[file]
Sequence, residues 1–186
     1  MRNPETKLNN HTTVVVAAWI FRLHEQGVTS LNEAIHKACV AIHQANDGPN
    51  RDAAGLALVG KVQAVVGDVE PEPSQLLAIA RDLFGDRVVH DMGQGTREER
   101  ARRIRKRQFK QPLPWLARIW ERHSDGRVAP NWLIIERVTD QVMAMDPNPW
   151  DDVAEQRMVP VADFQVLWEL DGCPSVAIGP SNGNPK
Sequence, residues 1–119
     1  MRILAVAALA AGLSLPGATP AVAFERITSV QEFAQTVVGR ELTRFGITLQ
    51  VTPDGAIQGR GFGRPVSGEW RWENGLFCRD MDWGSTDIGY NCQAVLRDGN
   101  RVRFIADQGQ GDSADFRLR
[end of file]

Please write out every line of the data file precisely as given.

Sequence, residues 1–186
     1  MRNPETKLNN HTTVVVAAWI FRLHEQGVTS LNEAIHKACV AIHQANDGPN
    51  RDAAGLALVG KVQAVVGDVE PEPSQLLAIA RDLFGDRVVH DMGQGTREER
   101  ARRIRKRQFK QPLPWLARIW ERHSDGRVAP NWLIIERVTD QVMAMDPNPW
   151  DDVAEQRMVP VADFQVLWEL DGCPSVAIGP SNGNPK
Sequence, residues 1–119
     1  MRILAVAALA AGLSLPGATP AVAFERITSV QEFAQTVVGR ELTRFGITLQ
    51  VTPDGAIQGR GFGRPVSGEW RWENGLFCRD MDWGSTDIGY NCQAVLRDGN
   101  RVRFIADQGQ GDSADFRLR